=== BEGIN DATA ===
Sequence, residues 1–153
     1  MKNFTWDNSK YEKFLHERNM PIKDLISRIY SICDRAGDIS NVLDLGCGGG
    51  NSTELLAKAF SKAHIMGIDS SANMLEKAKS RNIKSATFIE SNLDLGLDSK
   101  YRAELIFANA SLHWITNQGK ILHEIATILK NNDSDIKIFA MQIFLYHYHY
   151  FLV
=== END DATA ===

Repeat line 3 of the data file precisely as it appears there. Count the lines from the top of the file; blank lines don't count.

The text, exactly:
    51  NSTELLAKAF SKAHIMGIDS SANMLEKAKS RNIKSATFIE SNLDLGLDSK